What Is 'Black TV,' Anyway?

Shadow and Act television writer Curtis Caesar John digs into what constitutes a "black show" these days.

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As new African-American owned networks like Aspire and Bounce hit our flatscreens, Shadow and Act writer Curtis Caesar John wonders aloud, just what is a "black show," anyway?

Family Time ... remains only one of only seven scripted original shows on the air that is created by and starring people of African descent, the others being BET's The Game and Let's Stay Together, VH1's Single Ladies and TBS' Are We There Yet?, Meet the Browns and For Better or Worse (the latter two being produced by T.P. I excluded House of Payne as it ends this year). The bulk of these are sitcoms are very much made in the classic sense too as none of them are groundbreaking or push the envelope, which can still allow for good entertainment but nothing that stands out.

Most every other show on the air with Black talent follows the usually disingenuous BBF/Black Best Friend model as seen on sitcoms like New Girl and Mike & Molly and dramas like Revenge. Surprisingly, at least Mike & Molly, which is set in Chicago, has two Black actors, Reno Wilson and Nyambi Nyambi ,along with Holly Robinson-Peete in a recurring role. On the flipside, there are shows like Community (which is only renewed for 13 episodes come this Fall) and The Closer (which unfortunately ends in August) with Black talent that have more genuine roles as the Black characters are centrally involved in the plot and seldom shy away from having those men & women take the spotlight in multiple episodes and not in the stereotypical 'let's focus on the Black character for one episode out of twenty-four' way.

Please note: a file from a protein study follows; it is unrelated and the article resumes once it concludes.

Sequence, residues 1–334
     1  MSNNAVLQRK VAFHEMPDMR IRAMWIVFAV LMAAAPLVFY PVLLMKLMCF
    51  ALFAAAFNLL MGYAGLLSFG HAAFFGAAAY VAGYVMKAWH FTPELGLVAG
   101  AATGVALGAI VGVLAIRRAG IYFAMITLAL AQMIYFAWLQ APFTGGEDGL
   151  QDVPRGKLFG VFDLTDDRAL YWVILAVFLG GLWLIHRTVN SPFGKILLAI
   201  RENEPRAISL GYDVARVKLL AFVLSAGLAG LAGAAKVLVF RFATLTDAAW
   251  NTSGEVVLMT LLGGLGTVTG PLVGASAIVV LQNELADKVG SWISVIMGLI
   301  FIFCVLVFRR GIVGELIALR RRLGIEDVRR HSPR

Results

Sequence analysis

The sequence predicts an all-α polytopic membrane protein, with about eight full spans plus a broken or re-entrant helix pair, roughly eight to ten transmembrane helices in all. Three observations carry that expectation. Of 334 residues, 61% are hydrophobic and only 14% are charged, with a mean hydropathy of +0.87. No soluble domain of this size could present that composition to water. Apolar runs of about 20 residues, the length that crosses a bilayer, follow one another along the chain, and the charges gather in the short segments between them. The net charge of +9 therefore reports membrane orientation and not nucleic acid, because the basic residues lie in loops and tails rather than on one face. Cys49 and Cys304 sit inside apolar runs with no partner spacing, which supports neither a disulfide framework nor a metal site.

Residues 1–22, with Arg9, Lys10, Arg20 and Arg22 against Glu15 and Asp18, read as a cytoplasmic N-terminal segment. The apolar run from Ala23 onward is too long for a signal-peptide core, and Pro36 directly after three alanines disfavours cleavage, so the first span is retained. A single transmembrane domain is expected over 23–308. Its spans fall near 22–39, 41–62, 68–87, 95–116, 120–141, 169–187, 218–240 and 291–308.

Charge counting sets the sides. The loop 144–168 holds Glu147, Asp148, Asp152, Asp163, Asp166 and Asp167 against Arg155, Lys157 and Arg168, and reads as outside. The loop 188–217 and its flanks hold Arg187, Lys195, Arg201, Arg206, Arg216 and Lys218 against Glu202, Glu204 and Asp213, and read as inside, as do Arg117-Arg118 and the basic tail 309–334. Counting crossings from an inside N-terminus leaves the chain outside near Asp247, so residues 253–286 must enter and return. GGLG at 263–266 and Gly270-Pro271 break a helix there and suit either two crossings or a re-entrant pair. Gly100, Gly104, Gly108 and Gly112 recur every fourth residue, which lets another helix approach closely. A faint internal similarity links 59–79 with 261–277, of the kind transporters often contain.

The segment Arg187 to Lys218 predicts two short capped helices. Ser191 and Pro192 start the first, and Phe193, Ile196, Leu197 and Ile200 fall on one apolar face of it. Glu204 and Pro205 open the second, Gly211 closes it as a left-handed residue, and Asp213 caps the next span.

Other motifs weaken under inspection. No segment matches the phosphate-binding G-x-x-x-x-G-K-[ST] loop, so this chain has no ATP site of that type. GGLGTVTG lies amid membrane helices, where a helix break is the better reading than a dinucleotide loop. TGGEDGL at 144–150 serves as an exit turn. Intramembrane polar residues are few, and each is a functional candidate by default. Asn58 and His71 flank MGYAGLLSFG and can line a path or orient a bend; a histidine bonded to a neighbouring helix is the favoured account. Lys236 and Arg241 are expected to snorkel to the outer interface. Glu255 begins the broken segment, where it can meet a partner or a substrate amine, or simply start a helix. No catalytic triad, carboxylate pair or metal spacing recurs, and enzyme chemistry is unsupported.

So then what exactly does make a show a 'Black' show? There's never been a consensus from the film world that a Black movie is definitely one that both has Black talent, themes or non-monolithic perspectives, and has to be made by Black folks. Quite the opposite as it's like anything with a majority Black cast is considered a Black movie – and the same seems to apply to Black television. Despite multiple strides against a locked way of thinking, Black audiences, like people of other races and creeds, just want to see themselves on screen and will watch whether it's Amos & Andy in the 1950's, Gimme a Break in the 1980's or House of Payne in 2012.

Read Curtis Caesar John's entire piece at Shadow and Act.

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July 29 2014 2:13 PM